The gas wagon was described like freight vehicle on the platform of camionette Zaurer made for five to seven tons of freight with two axes and petrol engine. The specific part was the separate five meters long wagon, width and length of about two and a half meters that was ordered by representatives of the security department from the manufacturer Gaubschat Fahrzeugwerke GmBH. The wagon had  two-wing door that was almost hermetically closed, without windows. The interior was covered with zinced iron and on the floor there was wooden bar with two metal pipes under it linked with another cross section pipe. The pipes had many holes of about half centimeter in radius. From the transversal pipe in the opening on the wagon floor, a rubber pipe was installed that ended with a special ending corresponding to the spin made at the end of exhaustion pipe. After the truck was loaded with 30 to 70 men, a driver would at appropriate moment during a drive stop the vehicle and connect a rubber incoming pipe with the exhaustion pipe letting the exhaustion gas into a wagon[17]. After the vehicle left the territory of military occupied  Serbia, there were no legally present Jews in Belgrade. The small number of remaining Jews were hiding at some friends homes or found shelter with Partisans.

According to Milan Koljanin, about 6320 Jews lost their life in the Judenlager Semlin that represents the ‘most important individual location of Holocaust in Serbia’ .[18]


Jews – Captives in Other Cities of Serbia

Before the war, there were more than hundred Jewish families with about 360 souls in the city of Niš. With arrival of Germans, on April 9th 1941, the citizens, especially the Jews, found themselves in a very bad situation taking account the policy that was taken toward them in already occupied countries.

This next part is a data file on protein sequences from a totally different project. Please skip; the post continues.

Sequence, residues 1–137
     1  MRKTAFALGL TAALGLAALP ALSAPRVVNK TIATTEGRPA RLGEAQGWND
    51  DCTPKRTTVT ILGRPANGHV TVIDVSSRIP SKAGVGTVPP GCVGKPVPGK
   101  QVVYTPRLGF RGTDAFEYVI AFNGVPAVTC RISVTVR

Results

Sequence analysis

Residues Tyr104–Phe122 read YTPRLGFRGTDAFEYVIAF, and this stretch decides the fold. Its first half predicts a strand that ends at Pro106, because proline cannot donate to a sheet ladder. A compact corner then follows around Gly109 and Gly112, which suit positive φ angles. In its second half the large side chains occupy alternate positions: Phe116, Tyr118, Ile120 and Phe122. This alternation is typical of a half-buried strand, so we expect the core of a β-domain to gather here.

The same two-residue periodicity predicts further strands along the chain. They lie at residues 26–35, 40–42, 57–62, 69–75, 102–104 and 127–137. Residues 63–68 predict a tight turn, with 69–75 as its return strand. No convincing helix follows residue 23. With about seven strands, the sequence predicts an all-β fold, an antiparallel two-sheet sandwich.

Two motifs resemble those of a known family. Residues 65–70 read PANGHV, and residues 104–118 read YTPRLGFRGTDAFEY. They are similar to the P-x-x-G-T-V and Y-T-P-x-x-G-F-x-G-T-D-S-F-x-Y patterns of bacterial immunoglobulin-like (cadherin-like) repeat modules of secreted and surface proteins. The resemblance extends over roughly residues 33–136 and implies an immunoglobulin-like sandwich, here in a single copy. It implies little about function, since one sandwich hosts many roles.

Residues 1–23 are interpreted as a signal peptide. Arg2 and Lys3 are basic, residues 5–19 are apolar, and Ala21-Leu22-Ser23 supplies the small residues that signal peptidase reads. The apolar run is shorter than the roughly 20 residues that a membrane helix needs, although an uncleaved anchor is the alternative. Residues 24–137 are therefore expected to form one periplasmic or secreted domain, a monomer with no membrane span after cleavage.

A tragic destiny of Jews from Niš started in April 1941 and ended in May the following year. This period can be divided in three phases. The first phase took place in the period from April and October 1941; during that period the Nazi had registered  individuals and their properties, marked them with yellow ribbons, restricted the freedom of movement, robbed their propertiy, introduced compelled labor. In the second phase, in October 1941, the Germans arrested  Jewish men and put them in the nearby Concentracion Camp Crveni krst. In February 1942 the shot them on the location Bubanj. In the third phase, immediately after shooting of the Jewish men, Germans interned Jewish women and children in the camp Crveni krst wherefrom they were transferred to The Jewish Camp Zemun where they were soon suffocated by gas. The last two Jews in Nis, Germans shot at the end of 1943[19].

Tragic was the destiny of sparse Jewish families in other cities military occupied Serbia. In Central Serbia (without Belgrade) the war survived only 85 from 2 019 Jews, 38 of them escaped by running away abroad, 22 Jew females married to Serbs and 8 who joined partisan, 6 as prisoners of war  while the rest of them were hiding in very different ways in far located villages to houses for old people.

Dramatic life of minor Jewish communities in Central Serbia has not been historically processed as the suffering on Belgrade fairgrounds or location Topovske šupe but it was more tragic on account of less ‘transparency’.

In the city of ČaČak, for example, in May 27th 1941, following the order given by occupying authorities, the inventory list of the Jews were made. The Jews – immigrants from other places in Serbia, due to the command dated June 18th 1941 were forced to leave their residence within 24 hours and to return to the places where they came from. The following day, City Headquarters had ordered yellow ribbons for the remaining Jews, thirty one all together[20].